In a 4-3 decision, the Supreme Court of Ohio reversed two lower court judgments ordering Cleveland Illuminating Company (CEI) and First Energy Services Company to pay about $367,000.00 to a motorcyclist that suffered serious injuries in 2010 when a deer leaped from the side of the road and struck his motorcycle and knocked him off the roadway into a telephone pole.
The Bainbridge Township Trustees widened the roadway where the accident occurred which called for the electric company to relocate about 37 poles. The electric company then revised their plan and reduced the number of poles to be relocated to 24 poles. The electric company again changed its plans and decided not to move 8 additional poles. This was despite the county engineer responding in writing to the electric company expressing concerns that some of the poles would be 4 to 6 feet from the edge of the pavement and inside a 17 foot clear zone which means an unobstructed area beyond the pavement’s edge where a vehicle leaving the road could stop or return safely to the pavement. The injured motorcyclist struck one of the poles that the electric company decided not to move. The electric company also acknowledged that their decision not to move poles was to save money.
The injured party sued the electric companies and the county engineers and a jury found that the electric companies were 46% responsible for the accident, and the township’s engineer 37% responsible. The motorcyclist was found to be 17% responsible. The jury awarded the injured parties $798,000.00 in damages and the trial court ruled that the electric companies were responsible for $367,000.00 of this amount. The decision was appealed to the Eighth District Court of Appeals which affirmed jury verdict.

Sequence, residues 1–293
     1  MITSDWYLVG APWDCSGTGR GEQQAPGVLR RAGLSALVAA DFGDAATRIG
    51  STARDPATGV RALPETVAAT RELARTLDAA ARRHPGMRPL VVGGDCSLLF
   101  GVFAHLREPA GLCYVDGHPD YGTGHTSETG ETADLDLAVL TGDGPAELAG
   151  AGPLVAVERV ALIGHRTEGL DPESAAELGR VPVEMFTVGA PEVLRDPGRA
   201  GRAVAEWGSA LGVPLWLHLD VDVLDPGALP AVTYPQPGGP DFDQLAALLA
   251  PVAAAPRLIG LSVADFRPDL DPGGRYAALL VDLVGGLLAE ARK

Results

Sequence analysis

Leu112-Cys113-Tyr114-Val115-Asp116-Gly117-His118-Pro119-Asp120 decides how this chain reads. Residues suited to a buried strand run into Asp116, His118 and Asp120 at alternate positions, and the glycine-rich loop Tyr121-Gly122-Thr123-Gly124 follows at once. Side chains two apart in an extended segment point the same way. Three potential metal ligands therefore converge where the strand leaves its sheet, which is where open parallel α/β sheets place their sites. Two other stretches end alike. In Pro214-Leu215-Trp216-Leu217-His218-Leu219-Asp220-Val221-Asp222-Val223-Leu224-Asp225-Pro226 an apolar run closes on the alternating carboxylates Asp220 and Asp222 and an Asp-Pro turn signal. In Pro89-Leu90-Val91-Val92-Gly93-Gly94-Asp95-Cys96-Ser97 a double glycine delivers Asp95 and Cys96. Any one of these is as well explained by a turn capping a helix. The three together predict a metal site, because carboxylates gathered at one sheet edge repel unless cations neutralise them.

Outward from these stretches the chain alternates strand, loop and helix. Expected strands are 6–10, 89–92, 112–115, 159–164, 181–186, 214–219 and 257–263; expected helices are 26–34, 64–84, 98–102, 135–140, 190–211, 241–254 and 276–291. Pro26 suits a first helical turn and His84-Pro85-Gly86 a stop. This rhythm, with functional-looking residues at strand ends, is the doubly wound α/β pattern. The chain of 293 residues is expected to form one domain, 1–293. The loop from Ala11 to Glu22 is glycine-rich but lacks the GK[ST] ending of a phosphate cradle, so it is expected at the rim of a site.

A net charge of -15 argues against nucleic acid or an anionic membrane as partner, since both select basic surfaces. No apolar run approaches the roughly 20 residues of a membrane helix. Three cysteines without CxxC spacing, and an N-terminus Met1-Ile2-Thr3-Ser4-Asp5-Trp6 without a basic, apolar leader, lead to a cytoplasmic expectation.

Despite the fact that the county engineer responded in writing to the electric company expressing concerns that some of the poles would be 4 to 6 feet from the edge of the pavement and not meeting a 17 foot clear zone, the electric company did not change plans. A second request by the township sent to the electric company urging relocation of the poles received a response that the electric companies would move the poles only at the township’s expense. This is despite a prior accident in May of 2010 when a car swerved off the road to avoid a deer and hit one of the 8 poles the electric company did not move.
The majority decision written by Justice French noted that the electric companies at trial claimed immunity based upon a prior court ruling, Turner v. Ohio Bell, which found that a utility company cannot be held liable when a vehicle collides with a utility pole located off the improved roadway if the company had obtained the required permission to install the pole and the pole does not interfere with the usual and ordinary course of travel. Utility poles never interfere with the usual and ordinary course of travel unless the pole is located on the paved portion of the roadway. The court found that multiple requests made by the township and county engineer demanding the poles be moved was not sufficient under the legal standard.